University of Limerick.
COP21 and Me
COP21 and its global targets while very noble are also very removed from daily life. It is impossible to relate to 2% reduction in Global Warming and 20 Billion dollars for less developed economies to meet their aggressive environmental challenges. How does the individual relate global targets to his or her daily life?
Pope Francis has said that the environment is ‘ a personal moral issue that we must all address’. How does one currently address this moral issue?. The most obvious way is to calculate your individual carbon footprint : the sum of your long haul, short haul flights, your annual car mileage and the amount of energy needed to heat and feed us. Having calculated this Footprint we are then encouraged to donate to non profit charitable organisations that then us the money collected to plant trees to compensate for the carbon we have consumed in our annual footprint.
For those of us of a certain age we will recall from history that this is exactly what Martin Luther objected to in the pre-reformation Catholic Church. By purchasing indulgences it was possible to wash your soul free of whatever sins you had committed. Luther argued strongly that personal morality demanded personal responsibility for one’s actions and that is by direct action not financial contribution could one redeem one’s soul.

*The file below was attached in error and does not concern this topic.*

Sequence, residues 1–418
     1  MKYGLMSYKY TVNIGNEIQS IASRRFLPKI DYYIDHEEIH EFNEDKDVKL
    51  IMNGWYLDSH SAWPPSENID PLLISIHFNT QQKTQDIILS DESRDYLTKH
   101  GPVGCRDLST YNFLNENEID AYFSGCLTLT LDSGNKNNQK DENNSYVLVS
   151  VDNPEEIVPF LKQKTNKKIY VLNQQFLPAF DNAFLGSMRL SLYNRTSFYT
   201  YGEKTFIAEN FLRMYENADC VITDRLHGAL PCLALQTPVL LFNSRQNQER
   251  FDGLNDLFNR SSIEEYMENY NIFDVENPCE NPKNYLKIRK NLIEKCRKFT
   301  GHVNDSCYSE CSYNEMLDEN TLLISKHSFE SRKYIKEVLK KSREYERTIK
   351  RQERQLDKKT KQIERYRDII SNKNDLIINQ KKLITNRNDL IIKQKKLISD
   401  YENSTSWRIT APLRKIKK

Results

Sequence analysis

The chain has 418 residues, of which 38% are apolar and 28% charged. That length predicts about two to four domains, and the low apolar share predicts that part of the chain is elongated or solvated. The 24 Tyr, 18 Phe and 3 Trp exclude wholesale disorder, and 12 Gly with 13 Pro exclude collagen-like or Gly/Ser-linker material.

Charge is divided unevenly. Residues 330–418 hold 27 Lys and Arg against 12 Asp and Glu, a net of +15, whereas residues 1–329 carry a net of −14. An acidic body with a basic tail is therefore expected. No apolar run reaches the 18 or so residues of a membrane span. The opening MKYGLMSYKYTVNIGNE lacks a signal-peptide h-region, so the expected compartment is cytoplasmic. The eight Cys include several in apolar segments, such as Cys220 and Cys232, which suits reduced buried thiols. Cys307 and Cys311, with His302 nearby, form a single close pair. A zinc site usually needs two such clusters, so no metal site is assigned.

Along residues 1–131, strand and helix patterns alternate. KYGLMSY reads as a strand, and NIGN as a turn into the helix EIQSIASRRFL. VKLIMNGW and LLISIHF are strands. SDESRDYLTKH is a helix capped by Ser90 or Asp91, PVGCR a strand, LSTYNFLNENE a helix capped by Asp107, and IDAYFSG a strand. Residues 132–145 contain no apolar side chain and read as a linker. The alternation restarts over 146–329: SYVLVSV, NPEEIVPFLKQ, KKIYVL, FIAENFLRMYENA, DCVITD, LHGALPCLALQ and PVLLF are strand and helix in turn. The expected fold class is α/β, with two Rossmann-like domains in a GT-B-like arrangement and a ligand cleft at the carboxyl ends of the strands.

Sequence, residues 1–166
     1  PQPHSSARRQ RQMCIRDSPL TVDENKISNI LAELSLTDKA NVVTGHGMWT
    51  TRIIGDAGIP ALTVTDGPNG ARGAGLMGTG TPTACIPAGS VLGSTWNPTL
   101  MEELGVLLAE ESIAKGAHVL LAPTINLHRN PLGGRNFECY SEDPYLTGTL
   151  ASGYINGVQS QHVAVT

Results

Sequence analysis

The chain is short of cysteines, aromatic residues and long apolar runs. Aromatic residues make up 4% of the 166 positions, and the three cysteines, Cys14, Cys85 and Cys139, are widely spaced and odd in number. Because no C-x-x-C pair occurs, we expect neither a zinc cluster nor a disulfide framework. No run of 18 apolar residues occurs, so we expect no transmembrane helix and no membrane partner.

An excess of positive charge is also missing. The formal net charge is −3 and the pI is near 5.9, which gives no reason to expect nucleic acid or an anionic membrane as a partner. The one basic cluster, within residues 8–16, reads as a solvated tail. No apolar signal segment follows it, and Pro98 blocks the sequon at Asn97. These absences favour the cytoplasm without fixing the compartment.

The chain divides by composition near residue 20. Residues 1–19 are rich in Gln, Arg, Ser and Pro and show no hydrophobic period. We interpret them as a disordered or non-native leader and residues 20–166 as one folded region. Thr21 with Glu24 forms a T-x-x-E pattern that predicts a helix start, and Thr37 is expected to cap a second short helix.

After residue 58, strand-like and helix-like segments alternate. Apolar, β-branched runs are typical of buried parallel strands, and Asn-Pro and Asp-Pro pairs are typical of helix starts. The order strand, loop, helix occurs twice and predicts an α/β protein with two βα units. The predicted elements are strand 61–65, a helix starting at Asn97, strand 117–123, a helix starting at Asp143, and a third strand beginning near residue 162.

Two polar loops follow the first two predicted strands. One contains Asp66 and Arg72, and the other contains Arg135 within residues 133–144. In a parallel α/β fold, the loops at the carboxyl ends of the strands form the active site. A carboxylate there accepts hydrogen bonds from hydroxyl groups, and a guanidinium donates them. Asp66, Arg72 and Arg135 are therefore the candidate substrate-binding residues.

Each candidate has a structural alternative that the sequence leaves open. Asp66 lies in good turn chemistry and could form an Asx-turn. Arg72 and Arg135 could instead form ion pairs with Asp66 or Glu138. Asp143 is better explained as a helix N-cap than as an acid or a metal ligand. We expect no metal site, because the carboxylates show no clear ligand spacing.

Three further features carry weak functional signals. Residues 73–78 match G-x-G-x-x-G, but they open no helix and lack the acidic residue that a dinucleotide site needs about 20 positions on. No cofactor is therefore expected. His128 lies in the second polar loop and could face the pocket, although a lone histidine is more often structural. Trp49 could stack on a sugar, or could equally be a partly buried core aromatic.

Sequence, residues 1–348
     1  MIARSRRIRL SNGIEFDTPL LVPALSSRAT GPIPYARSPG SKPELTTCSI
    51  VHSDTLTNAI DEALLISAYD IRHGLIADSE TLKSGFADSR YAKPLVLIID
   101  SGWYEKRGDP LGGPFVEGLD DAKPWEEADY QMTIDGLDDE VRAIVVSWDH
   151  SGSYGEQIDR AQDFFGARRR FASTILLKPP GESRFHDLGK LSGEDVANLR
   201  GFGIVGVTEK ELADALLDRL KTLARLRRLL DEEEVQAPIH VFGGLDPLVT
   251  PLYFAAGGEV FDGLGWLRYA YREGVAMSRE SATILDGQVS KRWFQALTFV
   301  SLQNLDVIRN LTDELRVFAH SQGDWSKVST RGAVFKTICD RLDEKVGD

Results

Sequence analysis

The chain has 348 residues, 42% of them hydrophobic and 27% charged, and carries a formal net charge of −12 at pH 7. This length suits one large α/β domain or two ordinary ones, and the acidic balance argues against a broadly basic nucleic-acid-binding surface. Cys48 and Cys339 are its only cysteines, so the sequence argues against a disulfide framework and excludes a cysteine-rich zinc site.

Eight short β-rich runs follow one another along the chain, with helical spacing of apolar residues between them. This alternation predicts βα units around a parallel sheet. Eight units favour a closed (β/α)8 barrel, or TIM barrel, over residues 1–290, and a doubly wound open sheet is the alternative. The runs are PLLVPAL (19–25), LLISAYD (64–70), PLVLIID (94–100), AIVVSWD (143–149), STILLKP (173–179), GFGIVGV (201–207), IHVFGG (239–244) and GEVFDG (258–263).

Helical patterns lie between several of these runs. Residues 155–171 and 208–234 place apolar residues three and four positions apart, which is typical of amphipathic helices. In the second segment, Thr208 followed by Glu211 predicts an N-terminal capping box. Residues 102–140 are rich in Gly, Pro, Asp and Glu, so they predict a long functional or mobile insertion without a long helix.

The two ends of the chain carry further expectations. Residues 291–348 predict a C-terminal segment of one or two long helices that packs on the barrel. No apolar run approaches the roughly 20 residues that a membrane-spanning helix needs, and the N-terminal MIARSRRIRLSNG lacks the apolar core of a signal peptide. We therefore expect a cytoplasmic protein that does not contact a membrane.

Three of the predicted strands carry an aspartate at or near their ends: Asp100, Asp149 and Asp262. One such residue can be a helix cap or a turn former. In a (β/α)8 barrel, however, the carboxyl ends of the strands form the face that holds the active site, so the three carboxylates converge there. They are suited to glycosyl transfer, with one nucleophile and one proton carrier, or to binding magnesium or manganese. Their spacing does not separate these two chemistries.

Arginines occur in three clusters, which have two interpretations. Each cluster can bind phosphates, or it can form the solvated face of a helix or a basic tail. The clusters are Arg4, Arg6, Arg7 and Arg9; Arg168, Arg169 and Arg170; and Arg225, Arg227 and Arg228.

By extension if the environment is a’ personal moral issue’ then we cannot absolve our failings by donating to just causes : it is only by direct action . What I would like from Cong is a direction and assistance how to relate the Noble vision of COP21 to my daily life and that of my family and immediate community.
About Eamonn Murphy:
Professor (emeritus) Quality and Applied Statistics , Department of Mathematics, University of Limerick. Director (independent) Irish Manufacturing Research (IMR) Chairman of the Research, Enterprise and Development Board of Limerick Institute of Technology .
Founder and Director of the Irish Centre for Business Excellence(ICBE)